Parents realize that by providing a little financial assistance they can help their kids make this solid investment of home ownership
(PRWEB) November 13, 2012
Mike Mondello isn’t just a real estate agent. He’s also a parent. And as a parent, he wants the best for his children. That might include helping them buy their first homes.
Mondello, managing broker of RE/MAX Synergy with offices in Orland Park and Flossmoor, Ill., said he has already begun thinking about helping his oldest daughter buy her first home. She’s in college now but will soon need a place to live. He thinks it makes sense for her to buy that first home now, with interest rates as low as they are.
“The prices are so reasonable. There’s a sale on real estate right now,” Mondello said. “Like a lot of parents, I want my children to be able to take advantage of these great prices and rates. If I can help my children, if I can give them a little boost, why not?”
Mondello is far from alone. A growing number of parents are helping their children purchase homes today, whether they’re buying these homes for their sons and daughters outright, helping them pay for closing costs or coming up with the money for their down payments.
Such gifting is a relatively straightforward process, but both parents and their home-buying children need to know a few rules.
A growing trend
The National Association of Realtors® reported that one in three first-time buyers received a financial gift or loan from family members or friends to help them purchase a home in 2011.
This is the sign of a solid trend. For instance, the Realtors® association reported that in 2010, 27 percent of first-time buyers received a gift from a friend or relative to use toward their down payment. That year’s figure was up, too, from 22 percent in 2009 and 23 percent in 2005, according to an analysis by financial news site MarketWatch.
The Realtors association’s annual Profile of Home Buyers and Sellers also reported that in 2010, 9 percent of first-time buyers who made down payments received loans from a relative or friend. It’s not a huge number, but it is on the upswing. That number stood at 6 percent in 2009.
This seems to be an ideal time for first-time home buyers. Mortgage interest rates remain at historic lows, with financial website Bankrate.com reporting that the average rate on a 30-year fixed-rate mortgage loan stood at 3.43 percent in mid-October.
The average interest rate on a 15-year fixed-rate loan was even better, standing at 2.82 percent during the same period.
At the same time, homes in the Chicago area remain affordable. Even though the Illinois Association of Realtors® reported that the median sales price for existing homes in Chicago was up 3.9 percent this September when compared to the same month one year earlier, that sales price is just $200,000.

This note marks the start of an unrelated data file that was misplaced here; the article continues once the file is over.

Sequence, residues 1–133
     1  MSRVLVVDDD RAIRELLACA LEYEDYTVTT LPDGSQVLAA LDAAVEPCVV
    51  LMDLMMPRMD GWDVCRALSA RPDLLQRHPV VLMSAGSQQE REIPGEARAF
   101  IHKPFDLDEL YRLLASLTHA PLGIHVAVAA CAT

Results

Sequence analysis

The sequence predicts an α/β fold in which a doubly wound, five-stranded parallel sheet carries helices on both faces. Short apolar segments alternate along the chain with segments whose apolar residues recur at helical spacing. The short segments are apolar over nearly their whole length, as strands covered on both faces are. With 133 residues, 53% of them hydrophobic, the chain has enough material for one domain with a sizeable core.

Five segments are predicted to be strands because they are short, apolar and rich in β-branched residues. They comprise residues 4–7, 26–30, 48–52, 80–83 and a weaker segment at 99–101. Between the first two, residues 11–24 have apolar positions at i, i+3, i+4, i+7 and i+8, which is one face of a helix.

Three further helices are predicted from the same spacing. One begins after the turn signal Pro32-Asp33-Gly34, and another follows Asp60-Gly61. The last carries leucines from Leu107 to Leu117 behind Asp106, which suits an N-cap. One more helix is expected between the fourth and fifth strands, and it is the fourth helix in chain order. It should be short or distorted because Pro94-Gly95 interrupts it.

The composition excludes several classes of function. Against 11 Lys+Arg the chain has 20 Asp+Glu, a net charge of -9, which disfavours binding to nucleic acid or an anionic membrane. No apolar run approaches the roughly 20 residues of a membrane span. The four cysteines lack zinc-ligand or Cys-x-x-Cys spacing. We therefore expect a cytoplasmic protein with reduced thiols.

Nonetheless, today’s first-time buyers face at least one significant hurdle when buying a home, the down payment.
Many conventional lenders are requiring down payments of at least 5 percent. For a $200,000 house, that comes out to $10,000. Buyers who take out mortgages insured by the FHA will only need a down payment of 3.5 percent, but that’s still $7,000. Either way, it’s a lot of money for first-time buyers to scrape together.
That’s where parents often come in, providing their children with enough money to put together a down payment, said Christine Lee with RE/MAX Showcase in Long Grove, Ill.
“Parents know that this is a great time to buy, especially with interest rates being at all-time record lows. They want to help their kids take advantage of this current real estate market,” Lee said. “Parents feel for their kids when it comes to down payments. The majority of parents know how hard it can be to come up with large down payments when you’re young and just getting started with family and career, plus many young people may still have college loans. Parents realize that by providing a little financial assistance they can help their kids make this solid investment of home ownership.”
Home buyers who are relying on gifts from their parents or family members should follow some fairly simple underwriting and IRS rules.
First, parents need to know that they can gift a total of $13,000 a person without being taxed on that money. In other words, a father can provide $13,000 to his son and another $13,000 to his daughter-in-law that the couple can use for a down payment. At the same time, the mother can provide the same amounts to her son and daughter-in-law without having to pay taxes.
Buyers applying for a conventional mortgage loan must use their own funds for at least 5 percent of their down payment. They can then use gifted funds for the rest. As an example, if buyers need $10,000 for a down payment, they would have to use at least $500 of their own money. The remaining $9,500 could come from gifted funds.
When buyers are providing a down payment of at least 20 percent of their home’s purchase price, they can rely on gift funds for the entire down payment. For FHA-backed mortgage loans, borrowers can pay for the entire down payment with gifted funds.
Mortgage lenders will need to see documentation showing the origin of gifted funds.
Because the rules of gifting are relatively simple, and because down payments remain a struggle for younger buyers, Mondello expects gifting to become an even more common event.
“Sometimes these kids come out of college mired in student-loan debt. It’s hard for them to buy anything without help from their families,” Mondello said. “We see gifting a lot on the first-time buyers’ side. If parents have the financial wherewithal to help these young adults get into their first homes, they’re doing it.”
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